Our age, relationship status, or whether or not we are living alone have no bearing on the number of friends we have of various sorts. It’s never too late to form friendships that will benefit your psychological health and social well-being. The survey found that half of the participants thought they had too few close friends, while the other half thought they had many. And one spouse was concerned that they had far too many.
Another result is that we all have very specific demands regarding how many friends we consider to be the “correct” number. How many would be the “correct” number of friends if you don’t think you have enough? The desired number of friends varied substantially among survey respondents who believed they had “too few” friends. Some people believed that having two or three close pals was sufficient. Others believed that having four to six people would be ideal. Some claimed that having seven or more close buddies was the ideal quantity.
So, how many friends do people who truly consider themselves to have “enough” close friends? Well, 10% of the sample had only one close friend and thought that was enough. About half of the people in this group had only two or three close friends and were quite content with that amount. Another third of the group had four to six pals, while the remaining 10% had seven or more. While none of us require the same number of friends, we all require the support of close friends.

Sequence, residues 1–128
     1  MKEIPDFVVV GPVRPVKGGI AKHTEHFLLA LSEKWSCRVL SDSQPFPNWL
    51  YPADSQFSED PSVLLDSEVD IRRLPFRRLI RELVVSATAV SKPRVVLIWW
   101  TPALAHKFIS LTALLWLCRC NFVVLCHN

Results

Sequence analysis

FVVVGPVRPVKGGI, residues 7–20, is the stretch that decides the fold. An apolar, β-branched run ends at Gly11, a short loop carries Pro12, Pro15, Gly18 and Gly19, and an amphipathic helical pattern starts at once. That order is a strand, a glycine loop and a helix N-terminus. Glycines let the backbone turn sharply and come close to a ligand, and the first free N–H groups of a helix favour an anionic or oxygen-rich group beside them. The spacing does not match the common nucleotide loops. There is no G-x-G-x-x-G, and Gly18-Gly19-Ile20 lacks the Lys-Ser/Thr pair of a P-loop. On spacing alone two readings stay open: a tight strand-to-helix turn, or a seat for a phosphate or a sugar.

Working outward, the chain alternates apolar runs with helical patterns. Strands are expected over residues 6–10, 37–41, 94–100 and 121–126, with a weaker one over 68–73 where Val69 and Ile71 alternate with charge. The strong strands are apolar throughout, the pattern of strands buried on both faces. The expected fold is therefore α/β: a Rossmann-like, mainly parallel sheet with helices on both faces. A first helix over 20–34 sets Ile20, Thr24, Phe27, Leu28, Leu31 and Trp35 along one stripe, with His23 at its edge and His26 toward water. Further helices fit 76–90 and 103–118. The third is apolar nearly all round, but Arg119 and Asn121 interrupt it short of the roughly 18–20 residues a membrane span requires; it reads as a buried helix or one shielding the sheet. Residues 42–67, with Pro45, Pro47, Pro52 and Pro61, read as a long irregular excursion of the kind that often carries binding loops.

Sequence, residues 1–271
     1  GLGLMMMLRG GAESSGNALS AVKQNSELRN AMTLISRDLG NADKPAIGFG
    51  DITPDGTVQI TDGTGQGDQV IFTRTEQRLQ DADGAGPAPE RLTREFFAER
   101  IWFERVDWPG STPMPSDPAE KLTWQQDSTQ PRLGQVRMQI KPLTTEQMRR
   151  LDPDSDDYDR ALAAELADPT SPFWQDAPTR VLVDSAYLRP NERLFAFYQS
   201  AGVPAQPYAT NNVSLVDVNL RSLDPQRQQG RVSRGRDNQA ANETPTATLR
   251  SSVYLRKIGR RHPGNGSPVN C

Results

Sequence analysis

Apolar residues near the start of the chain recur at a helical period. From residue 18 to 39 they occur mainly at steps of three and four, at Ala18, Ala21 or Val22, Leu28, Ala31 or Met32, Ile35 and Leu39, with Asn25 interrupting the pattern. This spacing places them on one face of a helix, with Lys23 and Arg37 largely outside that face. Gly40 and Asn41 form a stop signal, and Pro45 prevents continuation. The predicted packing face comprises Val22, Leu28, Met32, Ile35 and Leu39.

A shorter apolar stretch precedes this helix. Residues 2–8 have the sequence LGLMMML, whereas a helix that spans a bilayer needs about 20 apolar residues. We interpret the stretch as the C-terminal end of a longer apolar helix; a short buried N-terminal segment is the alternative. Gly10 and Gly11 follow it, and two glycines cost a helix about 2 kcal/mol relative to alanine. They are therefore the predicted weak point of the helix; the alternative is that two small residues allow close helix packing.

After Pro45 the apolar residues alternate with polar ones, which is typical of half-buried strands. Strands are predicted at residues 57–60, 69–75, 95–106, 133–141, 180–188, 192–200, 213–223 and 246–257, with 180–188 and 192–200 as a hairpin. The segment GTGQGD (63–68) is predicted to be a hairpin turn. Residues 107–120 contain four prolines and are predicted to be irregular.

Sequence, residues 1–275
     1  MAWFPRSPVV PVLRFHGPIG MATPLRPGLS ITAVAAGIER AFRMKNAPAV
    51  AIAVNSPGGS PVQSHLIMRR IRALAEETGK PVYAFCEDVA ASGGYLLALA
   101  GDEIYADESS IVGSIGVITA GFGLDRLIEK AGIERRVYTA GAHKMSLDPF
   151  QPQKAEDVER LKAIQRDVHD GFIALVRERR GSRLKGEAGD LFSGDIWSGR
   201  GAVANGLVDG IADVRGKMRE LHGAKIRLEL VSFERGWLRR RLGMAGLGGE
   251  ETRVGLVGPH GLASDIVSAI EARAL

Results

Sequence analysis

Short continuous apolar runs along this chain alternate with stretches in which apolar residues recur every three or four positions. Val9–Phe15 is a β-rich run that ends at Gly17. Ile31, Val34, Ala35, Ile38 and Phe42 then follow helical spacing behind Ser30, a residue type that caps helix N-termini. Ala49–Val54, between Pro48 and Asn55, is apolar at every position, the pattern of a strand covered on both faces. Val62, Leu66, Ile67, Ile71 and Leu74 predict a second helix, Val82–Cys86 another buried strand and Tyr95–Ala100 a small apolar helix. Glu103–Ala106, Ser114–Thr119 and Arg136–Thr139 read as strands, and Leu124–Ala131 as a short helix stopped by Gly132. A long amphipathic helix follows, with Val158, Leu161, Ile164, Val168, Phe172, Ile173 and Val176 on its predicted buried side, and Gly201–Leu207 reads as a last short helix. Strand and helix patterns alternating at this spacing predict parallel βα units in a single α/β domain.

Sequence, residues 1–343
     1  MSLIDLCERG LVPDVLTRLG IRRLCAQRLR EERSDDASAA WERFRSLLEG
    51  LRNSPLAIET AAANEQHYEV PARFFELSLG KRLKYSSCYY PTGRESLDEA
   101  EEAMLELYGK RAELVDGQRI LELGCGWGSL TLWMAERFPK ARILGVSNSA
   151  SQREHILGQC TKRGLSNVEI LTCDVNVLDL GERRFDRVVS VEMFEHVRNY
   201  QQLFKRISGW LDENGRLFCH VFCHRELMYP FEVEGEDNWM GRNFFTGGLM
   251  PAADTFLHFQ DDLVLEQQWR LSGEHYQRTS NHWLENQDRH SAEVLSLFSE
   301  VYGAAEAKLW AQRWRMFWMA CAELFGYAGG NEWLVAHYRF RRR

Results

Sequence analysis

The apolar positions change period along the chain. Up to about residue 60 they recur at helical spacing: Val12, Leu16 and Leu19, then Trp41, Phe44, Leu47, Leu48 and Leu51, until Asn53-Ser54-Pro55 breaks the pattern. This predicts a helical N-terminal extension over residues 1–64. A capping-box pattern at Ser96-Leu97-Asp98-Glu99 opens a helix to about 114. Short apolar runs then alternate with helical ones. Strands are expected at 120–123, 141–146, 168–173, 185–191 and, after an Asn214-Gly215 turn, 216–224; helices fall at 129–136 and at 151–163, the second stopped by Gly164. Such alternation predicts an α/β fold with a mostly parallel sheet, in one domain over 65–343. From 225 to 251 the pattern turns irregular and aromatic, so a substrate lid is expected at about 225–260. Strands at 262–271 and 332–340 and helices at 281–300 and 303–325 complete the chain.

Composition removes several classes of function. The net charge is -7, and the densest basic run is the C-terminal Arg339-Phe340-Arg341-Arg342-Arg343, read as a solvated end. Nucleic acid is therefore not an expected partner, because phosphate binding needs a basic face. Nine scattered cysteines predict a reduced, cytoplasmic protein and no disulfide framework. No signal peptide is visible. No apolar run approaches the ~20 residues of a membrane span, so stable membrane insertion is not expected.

Which friends are most crucial to our happiness?
The number of acquaintance friends in our networks was the biggest predictor of life happiness during the height of the pandemic when we were unable to gather with the people we cared about most. We craved social interaction after being secluded from others, even though we were disguised six feet apart from the person dropping off our groceries and the other dog walkers in the park. As limitations and constraints have been removed over the previous 6-8 months, the unexpectedly high value of acquaintances has waned. Although the amount of acquaintance friends we have is positively connected with our level of life pleasure, the number of lifelong friends, best friends, and close friends we have are the biggest predictors of total life satisfaction.
Does Your Life Change with a Kind Smile and a Complimentary Word?
Weaving oneself into a web of communal connections has significance. Fred Rogers, everyone’s neighbor, was always focused on the intrinsic importance of every person in our community, regardless of their job. These recent studies clearly support the benefits of being engaged with all the people who fill our lives over a week. Deep, intimate conversations with your closest friends, as well as friendly greetings or brief chats with your mailman or Amazon driver, dog walkers who pass your window, the cashier at the pharmacy, commuters who are always on the same train, and even the annoying kids who run across your lawn, all have a lot to offer. Engaging with others and building a connection, no matter how insignificant, can have a favorable impact on your overall health. More smiles, more engagement, and a longer, happier life.